3. Chinese NEV rules seem to change weekly, but last I heard the Hongguang Mini did not qualify for subsidies but DID qualify for 0.8 NEV credits. Despite exceeding the quota, NEV credits supposedly trade for a few thousand RMB because they can offset CAFC shortfalls (dual-credit system).

    4. Just 0.8 credits? That's a lot less than I expected... Though still somewhat significant, at this price point.

      Also, while direct subsidies are conditioned on parameters such as range that the HongGuang doesn't fulfil, I think all EVs can qualify for the 10% sales tax exemption?...

    5. @Antrik: As i have mentioned on the China posts, the Wuling Mini EV indeed started out as a compliance EV, but its success has propelled it into another different level, with a Latvian company preparing to launch the model in Europe.

      Of course, it is being developed to comply with the EU security standards, that is why the European price is said to be around 10k €. But i bet that if SAIC were to export it directly to Europe, the price might drop to 8k€...

    6. Sure: if they could export it unmodified, 8,000 Euro would sound about right... But since they can't, this is a purely hypothetical figure. The Euro-spec version presumably will need additional things adding to costs; and with it being a different version, it also won't achieve the same economies of scale.

      10,000 Euro for the Latvian variant sounds about right to me, if they can do it at scale... Though I am somewhat sceptical whether it will actually happen -- or whether they will be able to hold the target price.

      Having said that, Europe has stronger emission mandates than China -- so if they can find other car makers willing to pool with them in advance, they might actually be able to offer it at a much lower price than what production costs would suggest... Which would be interesting, to put it mildly. (Especially in conjunction with the questionable "highest subsidies for cheapest cars" policies in many European markets...)

  6. Hello José, I created a Google spreadsheet with forecasts and on EV sales up to 2030, battery and lithium demand. It also contains a list of almost all upcoming battery electric vehicles. It took quite some time to compile all the information (including from your website. Any feedback / additional information is appreciated. The link is on my seeking alpha user profile.

    1. @Stephen

      Nice charts, a kind suggestion, just like
      MHEV: Mild Hybrid Electric Vehicle
      PHEV: Plugin Hybrid Electric Vehicle
      make it
      FHEV: Full Hybrid Electric Vehicle
      instead of HEV. That way all types of hybrid vehicles having motor and engine will have the 3 letter acronym;
      HEV in there.

  7. If suddenly anyone is interested, then in Ukraine it was registered
    10097 EV in 2019 and EV share 1.77%. of which 93% are second hand

    also 11551 registrations received EV in 2020 and market share 2.53%. of which 84.8% second hand

    1. Thank you!
      Yes, these are more or less the numbers I saw for Ukraine.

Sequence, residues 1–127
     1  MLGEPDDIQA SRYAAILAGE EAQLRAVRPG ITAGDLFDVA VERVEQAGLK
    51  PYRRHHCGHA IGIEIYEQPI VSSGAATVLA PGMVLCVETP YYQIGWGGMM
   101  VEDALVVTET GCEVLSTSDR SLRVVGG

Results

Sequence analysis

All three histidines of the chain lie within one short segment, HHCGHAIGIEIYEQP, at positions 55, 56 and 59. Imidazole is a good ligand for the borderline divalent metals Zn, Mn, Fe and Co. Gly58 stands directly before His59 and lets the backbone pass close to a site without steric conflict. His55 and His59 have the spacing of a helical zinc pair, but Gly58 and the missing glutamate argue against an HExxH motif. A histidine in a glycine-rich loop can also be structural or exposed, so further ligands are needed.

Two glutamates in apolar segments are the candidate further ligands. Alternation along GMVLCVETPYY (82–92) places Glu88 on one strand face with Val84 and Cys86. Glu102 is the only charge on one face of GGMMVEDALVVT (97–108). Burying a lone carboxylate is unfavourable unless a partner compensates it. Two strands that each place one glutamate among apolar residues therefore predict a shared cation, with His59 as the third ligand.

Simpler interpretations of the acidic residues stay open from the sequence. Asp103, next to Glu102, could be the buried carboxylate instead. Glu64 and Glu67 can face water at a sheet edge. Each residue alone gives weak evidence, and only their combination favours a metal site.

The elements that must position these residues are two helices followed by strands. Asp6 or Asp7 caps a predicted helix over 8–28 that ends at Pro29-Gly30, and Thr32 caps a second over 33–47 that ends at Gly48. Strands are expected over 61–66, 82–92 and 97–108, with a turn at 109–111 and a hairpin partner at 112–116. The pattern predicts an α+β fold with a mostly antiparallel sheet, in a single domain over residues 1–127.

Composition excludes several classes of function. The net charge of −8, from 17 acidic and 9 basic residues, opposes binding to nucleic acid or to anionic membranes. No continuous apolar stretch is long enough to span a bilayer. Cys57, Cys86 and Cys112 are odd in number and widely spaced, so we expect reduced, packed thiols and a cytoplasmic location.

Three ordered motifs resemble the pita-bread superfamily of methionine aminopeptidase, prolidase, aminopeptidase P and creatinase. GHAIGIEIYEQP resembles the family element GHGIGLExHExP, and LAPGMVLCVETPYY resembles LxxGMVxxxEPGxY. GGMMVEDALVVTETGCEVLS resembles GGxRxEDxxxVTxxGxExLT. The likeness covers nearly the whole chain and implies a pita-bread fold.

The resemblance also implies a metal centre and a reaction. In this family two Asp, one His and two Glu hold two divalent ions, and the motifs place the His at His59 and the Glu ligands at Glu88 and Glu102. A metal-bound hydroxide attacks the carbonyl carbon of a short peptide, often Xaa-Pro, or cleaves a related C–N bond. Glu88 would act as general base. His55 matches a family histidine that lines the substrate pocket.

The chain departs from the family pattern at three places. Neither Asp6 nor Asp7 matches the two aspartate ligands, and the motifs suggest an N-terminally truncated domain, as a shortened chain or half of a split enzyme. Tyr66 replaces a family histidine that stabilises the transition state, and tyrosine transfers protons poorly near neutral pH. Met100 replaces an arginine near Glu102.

Perhaps the EV market there will bounce back soon?

    2. What was the figure in 2018? 1.77% to 2.53% looks like healthy growth to me...

      (And what's more, the growth in new sales seems much larger than second-hand?)

  8. What went wrong in the US of A?
    Tesla is sucking up all publicity, awareness and subsidies. So others don't compete in Tesla's home market. But they will defeat Tesla on other markets (remember falling Tesla market share in Europe?). When time is right and other markets saturated, then they will also come to US

    1. Tesla EVs in the US are not eligible for a Federal subsidy anymore, only state incentives which vary greatly but are generally smaller.

      So... the opposite of "sucking up" the subsidies.

      I agree about the publicity. But poor little GM was out with its Bolt a good half-year before the Model 3, and I hear it does have a little bit of marketing budgets, production capacity, etc.

      If they really meant it, they could have done far, far better in the US EV market in these 4 years. But at least till now, they've never played the EV game to win, only for show.

      The Bolt EUV should have been the original Bolt (in size) in order to fit American tastes. But even if not, it shouldn't have taken ~5 years to come out with it.

    2. Maarten VinkhuyzenMarch 23, 2021

      In the US of A the competition has to sell through dealers.

      Falling market-share is normal when the market growths faster than you do yourself.

      The top 8 brands did have over 90% in Europe, now dropped to below 60%. Many more brands with many more models will do that.

    3. Europe forces carmakers to sell ~10% EVs (~15% this year), so they do.

      China forces carmakers to sell ~5% EVs, so they do.

      The US doesn't really force carmakers to sell EVs, so they don't.

    4. Keep in mind that the original Bolt is a modified Sonic. The EUV comes with additional changes, which GM wasn't willing to do at the time, since the low-effort Bolt was good enough to fulfil weak ZEV mandates...

      (And making an actually competitive EV on a dedicated platform of course needs a lot more effort still, which GM is only now putting into the upcoming new generation...)

  9. With vast land and frequent long distance driving, people hestitate to buy BEVs. Tesla makes cars with 400 km range, but it costs above $45K. Ideally automakers should make BEV with 500 km range for $30K price tag.
    As more automakers like Lucid, Rivian, Fisker join in, BEV sales will increase and this will force automakers to launch more vehicles. Thats what is happening with MachE and ID.4 hitting the market.
    Best hope is the $25K Tesla that everyone are talking about. But this will hit only in 2023. So change will come, but will take time.

    1. Rivian is promising, but rather niche. Lucid is also niche -- and not even a very unique one... Fisker promises to be mainstream, but it's mostly hot air at this point.

      Beside Tesla, it looks like some of the Chinese makers are to only ones to meaningfully push forward the market in the foreseeable future.

      (While many legacy makers -- though more being dragged than pushing -- are also coming up with increasingly attractive mainstream offerings...)